With the number of rules and regulations that a landlord needs to abide by these days, it would seem strange not to make a detailed inventory of everything at the rental property. Yet many landlords still do not insist on an inventory. However, without an inventory, a landlord runs the risk of spending thousands of pounds on replacements or on fixing damage, as well as additional redecoration costs, if they cannot prove any damage or theft by a tenant.
An inventory is a clear statement detailing the condition of the property and any contents before a new rental contract is undertaken, although both parties (tenant and landlord) must agree that the condition descried in the inventory is accurate and that the photographs were taken recently.
Does an inventory still matter if tenants bring their own furniture? Of course! The inventory also covers the general cleanliness of the property, the condition of the garden, and the state of interior fixtures and fittings.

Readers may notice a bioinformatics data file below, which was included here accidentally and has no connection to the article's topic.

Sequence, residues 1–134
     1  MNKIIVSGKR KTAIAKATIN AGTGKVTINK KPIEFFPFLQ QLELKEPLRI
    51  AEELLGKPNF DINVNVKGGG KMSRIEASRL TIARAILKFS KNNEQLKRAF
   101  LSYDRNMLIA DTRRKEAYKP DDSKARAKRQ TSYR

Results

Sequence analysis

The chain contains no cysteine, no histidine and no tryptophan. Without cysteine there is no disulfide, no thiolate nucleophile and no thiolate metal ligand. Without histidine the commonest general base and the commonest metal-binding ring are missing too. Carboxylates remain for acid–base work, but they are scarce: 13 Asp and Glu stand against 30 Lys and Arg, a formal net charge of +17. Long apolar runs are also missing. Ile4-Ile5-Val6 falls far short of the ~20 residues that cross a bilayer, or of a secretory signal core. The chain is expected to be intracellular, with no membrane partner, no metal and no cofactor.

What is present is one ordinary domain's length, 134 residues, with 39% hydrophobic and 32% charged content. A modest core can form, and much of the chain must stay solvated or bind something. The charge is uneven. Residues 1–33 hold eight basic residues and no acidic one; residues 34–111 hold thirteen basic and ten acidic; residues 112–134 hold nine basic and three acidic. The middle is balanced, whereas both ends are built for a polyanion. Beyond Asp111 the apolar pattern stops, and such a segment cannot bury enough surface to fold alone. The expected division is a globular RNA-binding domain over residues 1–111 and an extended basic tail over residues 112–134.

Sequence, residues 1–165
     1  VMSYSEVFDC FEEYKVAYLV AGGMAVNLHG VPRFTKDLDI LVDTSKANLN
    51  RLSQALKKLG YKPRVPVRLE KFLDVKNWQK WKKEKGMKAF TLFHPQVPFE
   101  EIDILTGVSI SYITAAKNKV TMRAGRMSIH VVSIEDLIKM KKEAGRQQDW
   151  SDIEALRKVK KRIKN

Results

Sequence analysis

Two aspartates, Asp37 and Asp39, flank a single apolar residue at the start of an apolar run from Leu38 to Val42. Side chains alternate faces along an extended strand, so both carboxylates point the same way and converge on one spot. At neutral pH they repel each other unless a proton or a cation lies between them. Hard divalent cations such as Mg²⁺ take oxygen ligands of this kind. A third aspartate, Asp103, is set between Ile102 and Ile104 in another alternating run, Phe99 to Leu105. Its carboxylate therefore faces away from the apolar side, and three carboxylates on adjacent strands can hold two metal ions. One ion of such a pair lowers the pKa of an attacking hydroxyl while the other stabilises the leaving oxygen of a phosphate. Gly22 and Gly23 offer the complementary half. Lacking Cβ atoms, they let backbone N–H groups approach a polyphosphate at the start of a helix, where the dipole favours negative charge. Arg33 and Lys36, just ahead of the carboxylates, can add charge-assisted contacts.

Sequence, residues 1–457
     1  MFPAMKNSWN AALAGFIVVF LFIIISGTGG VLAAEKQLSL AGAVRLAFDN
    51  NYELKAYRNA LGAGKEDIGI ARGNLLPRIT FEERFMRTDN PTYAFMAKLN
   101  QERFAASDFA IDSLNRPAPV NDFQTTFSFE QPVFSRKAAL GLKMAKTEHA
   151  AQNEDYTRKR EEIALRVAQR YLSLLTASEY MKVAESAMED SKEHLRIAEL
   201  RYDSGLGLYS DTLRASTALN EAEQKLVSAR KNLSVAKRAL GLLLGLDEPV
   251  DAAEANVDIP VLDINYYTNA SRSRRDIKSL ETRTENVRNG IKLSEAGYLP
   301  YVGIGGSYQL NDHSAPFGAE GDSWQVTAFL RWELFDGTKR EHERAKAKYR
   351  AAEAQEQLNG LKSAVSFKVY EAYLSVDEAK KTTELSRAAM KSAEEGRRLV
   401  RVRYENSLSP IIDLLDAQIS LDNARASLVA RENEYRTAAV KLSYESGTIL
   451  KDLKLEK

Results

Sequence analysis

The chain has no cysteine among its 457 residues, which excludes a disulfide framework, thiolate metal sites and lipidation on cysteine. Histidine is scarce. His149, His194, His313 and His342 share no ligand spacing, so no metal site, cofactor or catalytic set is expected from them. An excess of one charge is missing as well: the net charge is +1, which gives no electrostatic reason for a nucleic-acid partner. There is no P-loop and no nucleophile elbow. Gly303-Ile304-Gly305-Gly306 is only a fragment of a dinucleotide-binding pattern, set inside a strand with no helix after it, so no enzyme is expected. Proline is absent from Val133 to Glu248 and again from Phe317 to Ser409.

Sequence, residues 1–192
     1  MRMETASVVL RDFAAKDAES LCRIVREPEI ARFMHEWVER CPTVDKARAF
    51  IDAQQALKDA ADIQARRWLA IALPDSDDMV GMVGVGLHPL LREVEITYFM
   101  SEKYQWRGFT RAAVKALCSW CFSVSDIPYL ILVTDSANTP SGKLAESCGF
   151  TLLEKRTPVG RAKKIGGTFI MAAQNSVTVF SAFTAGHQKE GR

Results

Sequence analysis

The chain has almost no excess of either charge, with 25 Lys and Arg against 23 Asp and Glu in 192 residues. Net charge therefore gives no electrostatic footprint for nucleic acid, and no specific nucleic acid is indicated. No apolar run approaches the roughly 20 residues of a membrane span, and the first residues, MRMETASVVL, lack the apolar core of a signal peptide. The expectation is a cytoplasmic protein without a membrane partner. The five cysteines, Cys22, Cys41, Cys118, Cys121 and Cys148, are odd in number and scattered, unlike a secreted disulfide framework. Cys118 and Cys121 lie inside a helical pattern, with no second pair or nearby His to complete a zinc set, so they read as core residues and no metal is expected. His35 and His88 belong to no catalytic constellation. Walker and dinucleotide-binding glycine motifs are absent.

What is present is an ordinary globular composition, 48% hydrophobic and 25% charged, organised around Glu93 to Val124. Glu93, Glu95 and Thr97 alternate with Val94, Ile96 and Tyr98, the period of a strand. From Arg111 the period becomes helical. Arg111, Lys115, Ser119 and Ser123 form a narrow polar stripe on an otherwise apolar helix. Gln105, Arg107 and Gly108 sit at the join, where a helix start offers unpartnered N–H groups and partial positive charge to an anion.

Including photos is a clear way of demonstrating the precise condition of a property at the time the tenant moves in, without having to rely on interpretation of words.
Keep things neutral by having your agreement and photos independently verified in case a time should arise when there is a dispute. Make sure you note all the relevant detail.
A signed inventory will give a clear illustration of how the property is decorated and the condition it is in.
For more reasons why you should be seriously considering an inventory, see the advice from Balance Online and once you’ve decided to proceed, you can make things much easier for yourself by investing in some property inventory software, from a specialist company such as Inventory Base https://inventorybase.co.uk/.
Failing to put in place a detailed inventory could be a very expensive error to make. Be sure to make a detailed schedule of everything in the rental property – including taking photographs – before the tenant moves in, and have the inventory signed by both parties in case it ever needs to be used as supplementary evidence. It is much easier to prove “beyond reasonable doubt” if you have photos you can show. It shouldn’t be an arduous task, but it could save you lots of time in the long run.